Your personal brand matters. Wait — before you roll your eyes or flip the page because personal brand sounds cheesy, consider this: What three words would your camp supervisor and peers use to describe you? Do those words match with how you want your best references to describe you? Personal brand isn’t a made-up concept; it is a powerful tool, and it’s easy to use.

This Is Relevant for Camp Jobs

The question isn’t whether you want or need a personal brand; it’s whether you are being intentional about yours. Your personal brand is the authentic self you show to others, which drives your reputation and leads directly to opportunities. If this all sounds a bit too forced or like something other people need, consider the many ways a purposeful reputation at camp might help you. At camp, you interact with dozens — maybe hundreds — of people who become your network. Your supervisor might become a formal or informal employment reference for you; your co-leader might know a professor whose research aligns with your interests; the parent of a camper might know other parents looking for a babysitter or nanny.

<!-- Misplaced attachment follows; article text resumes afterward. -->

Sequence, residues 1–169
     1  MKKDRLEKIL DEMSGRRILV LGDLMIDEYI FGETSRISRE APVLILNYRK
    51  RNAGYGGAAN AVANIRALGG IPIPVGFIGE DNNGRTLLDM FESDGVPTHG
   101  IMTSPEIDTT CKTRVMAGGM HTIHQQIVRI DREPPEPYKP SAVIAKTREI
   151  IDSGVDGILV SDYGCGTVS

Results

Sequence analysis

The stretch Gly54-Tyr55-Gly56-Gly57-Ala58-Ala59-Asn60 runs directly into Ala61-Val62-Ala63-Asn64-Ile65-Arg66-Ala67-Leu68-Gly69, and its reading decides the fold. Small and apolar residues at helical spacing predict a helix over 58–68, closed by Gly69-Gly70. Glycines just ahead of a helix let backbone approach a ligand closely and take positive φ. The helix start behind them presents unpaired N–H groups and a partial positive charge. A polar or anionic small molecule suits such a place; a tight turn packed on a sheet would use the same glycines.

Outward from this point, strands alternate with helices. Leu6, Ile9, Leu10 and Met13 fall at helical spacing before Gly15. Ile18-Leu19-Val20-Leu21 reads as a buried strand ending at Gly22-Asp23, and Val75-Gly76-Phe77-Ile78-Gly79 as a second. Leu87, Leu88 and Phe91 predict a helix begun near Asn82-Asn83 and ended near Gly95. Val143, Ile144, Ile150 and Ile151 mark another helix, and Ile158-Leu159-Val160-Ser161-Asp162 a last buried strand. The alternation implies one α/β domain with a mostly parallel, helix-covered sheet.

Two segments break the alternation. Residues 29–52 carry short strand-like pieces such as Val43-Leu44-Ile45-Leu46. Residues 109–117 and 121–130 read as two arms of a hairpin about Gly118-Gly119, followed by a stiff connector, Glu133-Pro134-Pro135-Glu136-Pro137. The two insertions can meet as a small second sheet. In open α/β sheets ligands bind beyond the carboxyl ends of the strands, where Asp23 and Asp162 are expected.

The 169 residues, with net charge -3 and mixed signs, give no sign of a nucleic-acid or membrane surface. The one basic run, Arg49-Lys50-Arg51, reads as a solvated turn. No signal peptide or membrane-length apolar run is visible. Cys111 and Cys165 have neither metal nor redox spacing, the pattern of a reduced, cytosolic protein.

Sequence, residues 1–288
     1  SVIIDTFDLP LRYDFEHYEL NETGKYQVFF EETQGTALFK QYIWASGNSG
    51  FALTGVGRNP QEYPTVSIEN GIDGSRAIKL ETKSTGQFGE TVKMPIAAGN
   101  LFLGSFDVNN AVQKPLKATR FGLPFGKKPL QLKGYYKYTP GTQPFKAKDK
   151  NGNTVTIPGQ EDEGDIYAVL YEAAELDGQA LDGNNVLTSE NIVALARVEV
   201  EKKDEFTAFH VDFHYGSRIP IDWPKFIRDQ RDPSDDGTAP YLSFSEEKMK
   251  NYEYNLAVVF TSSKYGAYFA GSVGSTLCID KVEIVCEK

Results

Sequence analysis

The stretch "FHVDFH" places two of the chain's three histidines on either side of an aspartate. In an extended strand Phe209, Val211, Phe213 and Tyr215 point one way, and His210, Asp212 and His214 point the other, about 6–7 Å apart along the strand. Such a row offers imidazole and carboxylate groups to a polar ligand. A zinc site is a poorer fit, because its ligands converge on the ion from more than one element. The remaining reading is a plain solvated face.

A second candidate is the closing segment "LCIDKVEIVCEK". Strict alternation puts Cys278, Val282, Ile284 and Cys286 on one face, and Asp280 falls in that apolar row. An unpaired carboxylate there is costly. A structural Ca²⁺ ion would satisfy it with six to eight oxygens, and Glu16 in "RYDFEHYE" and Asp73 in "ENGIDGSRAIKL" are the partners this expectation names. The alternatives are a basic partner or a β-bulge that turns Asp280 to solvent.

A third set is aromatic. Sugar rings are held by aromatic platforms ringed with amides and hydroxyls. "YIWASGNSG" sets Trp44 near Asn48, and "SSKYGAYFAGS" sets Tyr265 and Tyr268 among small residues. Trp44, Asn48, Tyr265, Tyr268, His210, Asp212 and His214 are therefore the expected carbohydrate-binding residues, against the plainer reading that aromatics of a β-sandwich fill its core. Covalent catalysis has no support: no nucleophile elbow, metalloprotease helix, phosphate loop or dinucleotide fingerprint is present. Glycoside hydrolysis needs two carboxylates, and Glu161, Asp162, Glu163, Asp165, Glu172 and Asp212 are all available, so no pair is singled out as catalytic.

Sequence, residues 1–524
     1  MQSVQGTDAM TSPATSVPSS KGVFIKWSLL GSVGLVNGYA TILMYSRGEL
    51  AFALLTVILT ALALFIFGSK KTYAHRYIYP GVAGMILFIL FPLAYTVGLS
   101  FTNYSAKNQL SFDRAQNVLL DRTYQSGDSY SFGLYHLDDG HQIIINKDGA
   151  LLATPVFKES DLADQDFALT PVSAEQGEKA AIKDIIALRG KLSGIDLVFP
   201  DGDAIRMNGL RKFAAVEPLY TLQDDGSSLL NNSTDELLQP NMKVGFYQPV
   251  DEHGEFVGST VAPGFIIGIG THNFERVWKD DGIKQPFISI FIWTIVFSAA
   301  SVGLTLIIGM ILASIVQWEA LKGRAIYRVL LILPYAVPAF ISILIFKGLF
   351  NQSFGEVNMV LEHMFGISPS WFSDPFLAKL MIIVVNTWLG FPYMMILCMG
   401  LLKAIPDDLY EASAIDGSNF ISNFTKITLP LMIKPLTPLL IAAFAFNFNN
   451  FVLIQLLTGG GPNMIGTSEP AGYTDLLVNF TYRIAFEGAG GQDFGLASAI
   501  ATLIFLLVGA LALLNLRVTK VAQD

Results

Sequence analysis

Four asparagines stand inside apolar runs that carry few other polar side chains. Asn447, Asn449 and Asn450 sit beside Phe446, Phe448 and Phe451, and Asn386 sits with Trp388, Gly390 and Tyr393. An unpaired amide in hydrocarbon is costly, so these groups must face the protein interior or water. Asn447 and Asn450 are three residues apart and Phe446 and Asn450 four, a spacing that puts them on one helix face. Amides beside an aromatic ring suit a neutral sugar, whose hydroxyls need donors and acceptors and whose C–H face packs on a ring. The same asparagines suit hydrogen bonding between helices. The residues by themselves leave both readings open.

You’re reading this magazine, which tells me that you’re a committed staff member of a camp community. You deserve to show that to people around you. Personal brand isn’t a networking tool; it’s a concept that reminds you to manage your reputation. It isn’t about using people for who they know; it’s about letting your strengths shine through so when people think of you, they’ll be thinking of the best you.
Consider these camp staff:
  • Danielle is a camp lifeguard this summer and is pre-law in college. She knows that her strong detail orientation and social justice values are a big part of what drive her to pursue law.